Sunday, December 16, 2007

Virtual Wake

I'm sure it's happened many times before, I just wasn't where I could take note of it. But this time I noticed it when reading my brother's post that honors a friend he'd never met. With internet relationships, we have entered the age of virtual grief.

Through a common interest in photography, Tom, my brother, had a friendship with Dave Anderson, who recently died. The friendship was tied to their Flickr accounts, where they made comments on one another's photography. In his posting, Remembering SisuDave, Tom mentions other tributes posted to Dave. What better expression of loss would there be than for virtual friends to leave virtual condolences?

I've always kinda rolled my eyes when I read in obituaries where the funeral home says condolences can be sent to the family through their web site. I figured it was a way for the funeral home to generate more web traffic and have more advertisement exposure. And I thought to myself, if I couldn't make the visitation for a family I cared about, I think the proper thing to do would be to write a personal letter, not send an email through the funeral home. But those thoughts have concerned people known in real life.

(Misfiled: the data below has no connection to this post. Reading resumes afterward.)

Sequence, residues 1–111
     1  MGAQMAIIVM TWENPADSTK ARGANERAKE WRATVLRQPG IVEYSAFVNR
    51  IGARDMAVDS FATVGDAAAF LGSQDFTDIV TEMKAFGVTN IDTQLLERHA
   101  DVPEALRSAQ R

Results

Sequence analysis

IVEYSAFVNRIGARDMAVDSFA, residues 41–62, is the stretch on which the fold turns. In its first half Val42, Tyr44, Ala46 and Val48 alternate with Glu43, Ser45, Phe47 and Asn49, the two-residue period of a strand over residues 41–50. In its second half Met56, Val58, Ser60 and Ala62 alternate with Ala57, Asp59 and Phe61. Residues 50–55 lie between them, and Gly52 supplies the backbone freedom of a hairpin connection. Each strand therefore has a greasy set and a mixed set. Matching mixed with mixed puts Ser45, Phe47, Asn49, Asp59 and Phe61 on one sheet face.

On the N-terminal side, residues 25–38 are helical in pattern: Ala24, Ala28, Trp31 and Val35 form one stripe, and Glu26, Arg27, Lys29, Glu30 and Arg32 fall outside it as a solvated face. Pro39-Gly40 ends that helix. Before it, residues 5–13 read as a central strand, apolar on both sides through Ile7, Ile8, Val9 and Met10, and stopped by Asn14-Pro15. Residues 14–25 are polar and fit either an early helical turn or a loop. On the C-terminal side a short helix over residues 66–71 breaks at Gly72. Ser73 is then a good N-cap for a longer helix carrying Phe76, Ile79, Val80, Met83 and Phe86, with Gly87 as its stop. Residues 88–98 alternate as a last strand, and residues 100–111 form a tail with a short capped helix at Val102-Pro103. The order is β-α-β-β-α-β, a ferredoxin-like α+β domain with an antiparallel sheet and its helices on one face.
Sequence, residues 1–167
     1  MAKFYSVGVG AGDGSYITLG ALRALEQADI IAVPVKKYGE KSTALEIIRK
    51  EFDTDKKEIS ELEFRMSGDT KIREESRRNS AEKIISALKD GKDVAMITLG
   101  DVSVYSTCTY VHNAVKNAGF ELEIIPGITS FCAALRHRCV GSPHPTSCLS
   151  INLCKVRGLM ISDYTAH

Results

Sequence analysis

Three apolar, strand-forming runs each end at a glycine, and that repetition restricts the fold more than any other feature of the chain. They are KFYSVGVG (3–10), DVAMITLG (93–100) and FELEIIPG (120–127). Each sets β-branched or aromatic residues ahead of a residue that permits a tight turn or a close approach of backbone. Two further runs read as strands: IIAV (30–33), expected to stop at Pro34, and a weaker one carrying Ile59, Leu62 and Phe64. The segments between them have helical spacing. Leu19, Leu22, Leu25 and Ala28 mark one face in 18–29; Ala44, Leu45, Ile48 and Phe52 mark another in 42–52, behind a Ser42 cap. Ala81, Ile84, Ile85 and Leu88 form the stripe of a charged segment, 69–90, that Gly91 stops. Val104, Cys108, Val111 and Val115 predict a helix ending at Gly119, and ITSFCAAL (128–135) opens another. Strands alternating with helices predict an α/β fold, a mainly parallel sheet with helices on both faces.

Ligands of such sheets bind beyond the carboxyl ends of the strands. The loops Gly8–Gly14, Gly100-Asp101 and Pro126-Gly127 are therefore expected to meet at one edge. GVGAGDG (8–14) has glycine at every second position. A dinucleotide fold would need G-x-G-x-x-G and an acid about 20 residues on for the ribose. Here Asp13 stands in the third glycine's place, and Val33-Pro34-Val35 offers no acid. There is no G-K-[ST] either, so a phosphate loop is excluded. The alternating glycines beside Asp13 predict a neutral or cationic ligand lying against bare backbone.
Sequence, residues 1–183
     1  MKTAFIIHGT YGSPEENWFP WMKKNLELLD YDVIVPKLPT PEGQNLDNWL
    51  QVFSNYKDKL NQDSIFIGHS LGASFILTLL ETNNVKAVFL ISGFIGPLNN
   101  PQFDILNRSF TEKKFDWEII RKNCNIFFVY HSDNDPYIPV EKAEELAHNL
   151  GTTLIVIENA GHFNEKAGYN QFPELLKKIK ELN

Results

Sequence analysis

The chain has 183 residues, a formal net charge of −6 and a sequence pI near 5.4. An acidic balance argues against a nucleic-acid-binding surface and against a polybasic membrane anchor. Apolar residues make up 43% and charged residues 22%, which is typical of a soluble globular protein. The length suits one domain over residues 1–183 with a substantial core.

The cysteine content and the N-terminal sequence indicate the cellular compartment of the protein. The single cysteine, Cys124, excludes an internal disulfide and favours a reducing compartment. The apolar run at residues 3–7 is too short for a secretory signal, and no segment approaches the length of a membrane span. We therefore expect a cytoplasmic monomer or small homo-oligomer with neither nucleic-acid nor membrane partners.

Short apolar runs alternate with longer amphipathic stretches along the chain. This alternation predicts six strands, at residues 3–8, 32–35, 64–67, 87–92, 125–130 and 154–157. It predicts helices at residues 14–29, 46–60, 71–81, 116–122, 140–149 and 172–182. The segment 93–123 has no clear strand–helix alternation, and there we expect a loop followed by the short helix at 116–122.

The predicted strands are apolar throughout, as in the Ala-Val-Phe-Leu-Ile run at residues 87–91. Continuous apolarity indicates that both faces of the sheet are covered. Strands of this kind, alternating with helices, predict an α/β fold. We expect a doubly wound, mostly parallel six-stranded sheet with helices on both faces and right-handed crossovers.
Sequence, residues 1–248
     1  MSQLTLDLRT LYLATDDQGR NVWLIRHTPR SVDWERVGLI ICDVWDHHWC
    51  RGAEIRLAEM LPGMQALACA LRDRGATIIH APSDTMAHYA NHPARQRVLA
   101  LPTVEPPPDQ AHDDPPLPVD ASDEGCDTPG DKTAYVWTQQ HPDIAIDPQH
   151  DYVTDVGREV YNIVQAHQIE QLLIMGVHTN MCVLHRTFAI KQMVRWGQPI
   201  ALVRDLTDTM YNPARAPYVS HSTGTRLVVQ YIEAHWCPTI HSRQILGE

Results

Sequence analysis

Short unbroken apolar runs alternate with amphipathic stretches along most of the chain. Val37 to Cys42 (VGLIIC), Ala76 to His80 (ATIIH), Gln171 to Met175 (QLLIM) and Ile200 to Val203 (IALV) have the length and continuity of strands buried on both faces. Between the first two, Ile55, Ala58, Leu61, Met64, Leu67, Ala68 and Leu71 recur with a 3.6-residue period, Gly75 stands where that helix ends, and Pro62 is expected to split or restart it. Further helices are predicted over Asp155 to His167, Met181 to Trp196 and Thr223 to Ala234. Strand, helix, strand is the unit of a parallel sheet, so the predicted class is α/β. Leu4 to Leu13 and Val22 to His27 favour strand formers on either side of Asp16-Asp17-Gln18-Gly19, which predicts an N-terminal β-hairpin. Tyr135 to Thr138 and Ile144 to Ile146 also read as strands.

Now through social networks on the web, people have relationships with internet friends and virtual communities. What is the proper way to express and deal with the loss when they no longer exist? And I suppose these tributes are not really for the family at all, as in a "real" visitation/wake. They are for the virtual community to process their loss, and to somehow acknowledge the human emotions behind the user names.

Is the day coming when we have online funerals? Don't laugh. There are already virtual churches. And there are many people fully intwined in social networks on the web. When a social group experiences a death, will the members all log in at a certain site to to say their goodbys? And will the online service attempt to reflect the faith of the person loss, or strive to be faith neutral? And who will fill the priestly roll of gathering the people into one, and voicing their loss, and grief, and hopes, and faith before God (or in a faith neutral attempt, the unknown)? Could get interesting....

1 comment:

Tom said...

There have been several articles written about how deaths are handled in the world of social networking. One of the most comprehensive is a Dutch article entitled "Death in Cyberspace - Funeral and Mourning Practices on the Internet."

I wonder what will happen to the 7,460 photos Dave had posted online. I'm so afraid that these will just be lost as Dave's account on Flickr expires. Unlike physical photographs, there doesn't seem to be a clear way of making sure that these are passed along or maintained. I guess we could download each one, but that would be prohibitive for that number of images.

In addition to how people are mourned, I guess guidelines should be established for transferring one's cyber legacy to their heirs.